Editor’s Letter – 3/20/19
Last night I went to Circle Cinema’s screening of the 2018 documentary “Won’t You Be My Neighbor?” about the life and lessons of Mr. Fred Rogers. The movie was great—yes, I cried, but I’m a crier—and left me meditating on the possibilities of radical kindness, practiced on yourself and others, as a way of being in and improving the world.
This was three days after 50 people were shot to death at Al Noor Mosque and the Linwood Islamic Center in Christchurch, New Zealand. According to the terrorist’s body cam footage, which streamed on the same corners of the white-power web where the killer was radicalized, he was greeted before the rampage by his first victim: “Hello, brother.”
Those words have been bouncing around in my head for days, twinned now with Fred Rogers’ unpacking of his long-running show’s neighborly theme song, whose tenderness seems alien after such horror: “It’s an invitation for somebody to be close to you.”
The open-hearted vulnerability of that welcoming, that word—brother—is made grotesque by the killing that followed. But if there’s energy worth hanging on to, it’s in the greeting and not the response. May we all be the person who sees a stranger and thinks, Here comes my kin. My brother. Be close to me.
You likely know the Fred Rogers quote about “[looking] for the helpers” in the face of tragedy. That’s a good one—but I’m partial to another: “Love isn’t a state of perfect caring. It is an active noun, like ‘struggle.’”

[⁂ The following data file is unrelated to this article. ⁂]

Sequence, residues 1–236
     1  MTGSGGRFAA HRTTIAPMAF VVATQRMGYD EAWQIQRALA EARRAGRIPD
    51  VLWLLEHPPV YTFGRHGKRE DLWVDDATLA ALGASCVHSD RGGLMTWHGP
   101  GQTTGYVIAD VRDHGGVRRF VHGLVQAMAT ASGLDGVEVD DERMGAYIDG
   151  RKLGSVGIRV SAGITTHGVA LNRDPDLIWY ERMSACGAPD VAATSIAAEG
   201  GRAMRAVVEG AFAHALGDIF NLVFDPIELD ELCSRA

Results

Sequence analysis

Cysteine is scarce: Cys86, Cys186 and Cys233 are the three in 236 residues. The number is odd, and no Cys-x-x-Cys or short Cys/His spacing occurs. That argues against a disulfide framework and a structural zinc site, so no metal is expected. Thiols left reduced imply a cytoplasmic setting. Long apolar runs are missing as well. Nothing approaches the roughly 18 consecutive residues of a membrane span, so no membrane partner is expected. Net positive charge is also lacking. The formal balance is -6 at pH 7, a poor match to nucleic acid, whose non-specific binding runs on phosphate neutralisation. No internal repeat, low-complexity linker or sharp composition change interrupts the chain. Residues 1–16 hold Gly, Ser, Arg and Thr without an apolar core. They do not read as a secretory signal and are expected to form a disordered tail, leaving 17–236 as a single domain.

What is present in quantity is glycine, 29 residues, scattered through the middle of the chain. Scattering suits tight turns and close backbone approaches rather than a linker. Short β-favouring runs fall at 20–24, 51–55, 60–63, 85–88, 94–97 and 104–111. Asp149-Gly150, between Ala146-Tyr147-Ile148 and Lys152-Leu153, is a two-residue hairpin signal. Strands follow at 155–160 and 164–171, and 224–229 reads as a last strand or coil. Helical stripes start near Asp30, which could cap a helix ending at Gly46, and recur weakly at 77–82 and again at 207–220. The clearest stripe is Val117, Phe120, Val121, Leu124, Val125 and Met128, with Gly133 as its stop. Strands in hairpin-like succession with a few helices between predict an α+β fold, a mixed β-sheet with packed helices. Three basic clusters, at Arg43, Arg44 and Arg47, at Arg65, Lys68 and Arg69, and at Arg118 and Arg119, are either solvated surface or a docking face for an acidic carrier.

It’s not enough to love our neighbors. We have to protect them, too. Fred Rogers understood that. It’s what made his message so radical. It’s also what animates this newspaper’s conception of social justice—which we try to practice, unapologetically, in our pages every two weeks.
You don’t have to look far to find these kinds of active helpers here in Tulsa. They’re the coalition standing up for undocumented immigrants; the people organizing to commute the sentences of women like Ashley Garrison, who feel the teeth of our criminal justice system at a dizzying rate; organizations like Women in Recovery and First Step, which give young women and men an alternative to incarceration; and the Tulsa SPCA, which advocates for animals—who, by all conceivable metrics, are better than people.
Last, with the dead from New Zealand on my heart, I’d like to leave you with the words of Muhammet Sezer, executive director of the Turkish Food and Art Festival in Broken Arrow: “There is a big misunderstanding about … people from the Middle East and Muslim world … Yes, we have differences, but at the end of the day, we are all human beings”.